Once you know who you are as a leader-presenter (visionary, expert, coach, or transformer), it is necessary for you to determine why you are speaking.
Is it to explain? The most common purpose of a presentation is to convey information as a means of explanation. We see examples of the explanation presentation at press conferences as well as in corporate boardrooms.
Is it to overcome objections? Not everyone will believe everything you say! That may be hard to believe, but it's true. When people do not believe him or her, the presenter must shift into the "overcoming objections" mode. Sometimes the entire presentation can be structured around this idea; at other times, it may be necessary to prepare a brief in advance covering how to deal with questions.
Is it to sell/persuade? Are you convinced that what you are offering the audience is good for them? Then you become the pitchman. Sometimes the presenter is actually selling a product; other times, the presenter is selling a better way of doing things.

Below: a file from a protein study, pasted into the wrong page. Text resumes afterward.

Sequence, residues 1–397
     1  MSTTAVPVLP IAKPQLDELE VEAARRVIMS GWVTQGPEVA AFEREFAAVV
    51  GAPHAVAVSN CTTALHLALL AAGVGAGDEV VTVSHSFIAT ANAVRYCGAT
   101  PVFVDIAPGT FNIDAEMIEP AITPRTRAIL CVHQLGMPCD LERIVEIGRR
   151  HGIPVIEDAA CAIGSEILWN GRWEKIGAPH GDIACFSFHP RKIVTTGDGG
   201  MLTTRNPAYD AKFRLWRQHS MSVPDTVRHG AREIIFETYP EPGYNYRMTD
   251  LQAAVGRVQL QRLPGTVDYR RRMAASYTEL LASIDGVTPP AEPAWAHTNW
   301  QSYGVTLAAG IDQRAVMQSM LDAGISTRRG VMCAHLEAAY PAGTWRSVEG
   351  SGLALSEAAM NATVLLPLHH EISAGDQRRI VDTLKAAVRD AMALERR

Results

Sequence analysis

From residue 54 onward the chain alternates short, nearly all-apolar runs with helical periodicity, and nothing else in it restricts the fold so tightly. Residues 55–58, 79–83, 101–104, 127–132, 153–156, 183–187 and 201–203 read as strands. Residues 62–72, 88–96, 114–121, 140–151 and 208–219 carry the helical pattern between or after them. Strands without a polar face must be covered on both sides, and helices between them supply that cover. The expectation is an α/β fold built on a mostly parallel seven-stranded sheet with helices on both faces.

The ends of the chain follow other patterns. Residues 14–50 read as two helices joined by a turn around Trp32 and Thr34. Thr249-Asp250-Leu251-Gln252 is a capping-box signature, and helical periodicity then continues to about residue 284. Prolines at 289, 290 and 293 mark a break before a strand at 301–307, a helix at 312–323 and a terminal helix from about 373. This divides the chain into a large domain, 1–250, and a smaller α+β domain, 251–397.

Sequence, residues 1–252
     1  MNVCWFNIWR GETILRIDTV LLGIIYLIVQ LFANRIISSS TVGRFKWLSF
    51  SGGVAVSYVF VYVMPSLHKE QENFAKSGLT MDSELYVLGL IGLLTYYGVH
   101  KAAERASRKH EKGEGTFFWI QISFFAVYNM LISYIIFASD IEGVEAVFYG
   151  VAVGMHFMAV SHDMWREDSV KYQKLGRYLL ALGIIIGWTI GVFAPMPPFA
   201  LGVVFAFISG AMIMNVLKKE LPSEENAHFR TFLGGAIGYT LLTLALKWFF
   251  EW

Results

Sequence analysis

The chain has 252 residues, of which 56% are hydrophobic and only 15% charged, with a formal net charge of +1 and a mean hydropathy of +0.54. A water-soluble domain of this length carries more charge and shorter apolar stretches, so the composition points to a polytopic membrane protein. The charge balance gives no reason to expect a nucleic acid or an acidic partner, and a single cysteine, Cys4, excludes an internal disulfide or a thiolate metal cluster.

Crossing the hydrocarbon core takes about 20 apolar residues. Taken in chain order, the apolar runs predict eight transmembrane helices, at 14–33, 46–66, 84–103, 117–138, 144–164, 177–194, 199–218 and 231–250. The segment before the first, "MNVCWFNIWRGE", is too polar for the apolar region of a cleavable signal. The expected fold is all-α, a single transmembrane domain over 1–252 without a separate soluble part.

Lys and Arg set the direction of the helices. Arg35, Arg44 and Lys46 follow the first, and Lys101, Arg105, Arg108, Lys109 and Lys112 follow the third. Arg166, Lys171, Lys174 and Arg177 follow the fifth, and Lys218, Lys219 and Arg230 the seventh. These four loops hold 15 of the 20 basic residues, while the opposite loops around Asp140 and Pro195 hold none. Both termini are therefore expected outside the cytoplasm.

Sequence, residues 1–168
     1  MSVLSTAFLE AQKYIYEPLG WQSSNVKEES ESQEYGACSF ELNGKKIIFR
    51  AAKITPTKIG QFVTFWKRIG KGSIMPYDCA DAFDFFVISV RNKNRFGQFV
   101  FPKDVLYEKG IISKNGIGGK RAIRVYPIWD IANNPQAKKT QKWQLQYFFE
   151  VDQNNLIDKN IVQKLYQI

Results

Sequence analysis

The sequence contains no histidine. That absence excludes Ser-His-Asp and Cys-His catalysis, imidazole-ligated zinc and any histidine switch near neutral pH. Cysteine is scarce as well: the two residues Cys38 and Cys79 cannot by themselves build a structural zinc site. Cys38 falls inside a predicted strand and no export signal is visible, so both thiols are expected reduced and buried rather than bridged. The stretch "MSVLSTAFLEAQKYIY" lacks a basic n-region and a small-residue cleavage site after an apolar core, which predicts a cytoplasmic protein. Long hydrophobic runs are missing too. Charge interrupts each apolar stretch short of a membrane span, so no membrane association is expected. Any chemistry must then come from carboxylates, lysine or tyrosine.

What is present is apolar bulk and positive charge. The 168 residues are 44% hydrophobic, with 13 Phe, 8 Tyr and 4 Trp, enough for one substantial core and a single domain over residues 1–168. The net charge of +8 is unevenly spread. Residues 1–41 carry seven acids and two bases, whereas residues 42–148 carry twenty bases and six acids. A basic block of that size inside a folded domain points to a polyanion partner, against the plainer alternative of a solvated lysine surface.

Is it to celebrate? Milestones are meant to be marked. When this occurs, the presenter serves as a chief celebrant. Often it is customary to thank the audience for their participation and cite specific examples of achievement.
Is it to entertain? Do you know someone who is about to retire? Very often friends and associates hold a dinner and invite folks close to the individual to say a few words, often in the spirit of lighthearted fun.
These are only a few of the reasons why we make presentations. Unlike presentation styles, purposes can be mixed within the same presentation. For example, you can begin with an explanation and close in a selling mode. This happens quite frequently and enables the presenter to lead the audience from one point to another.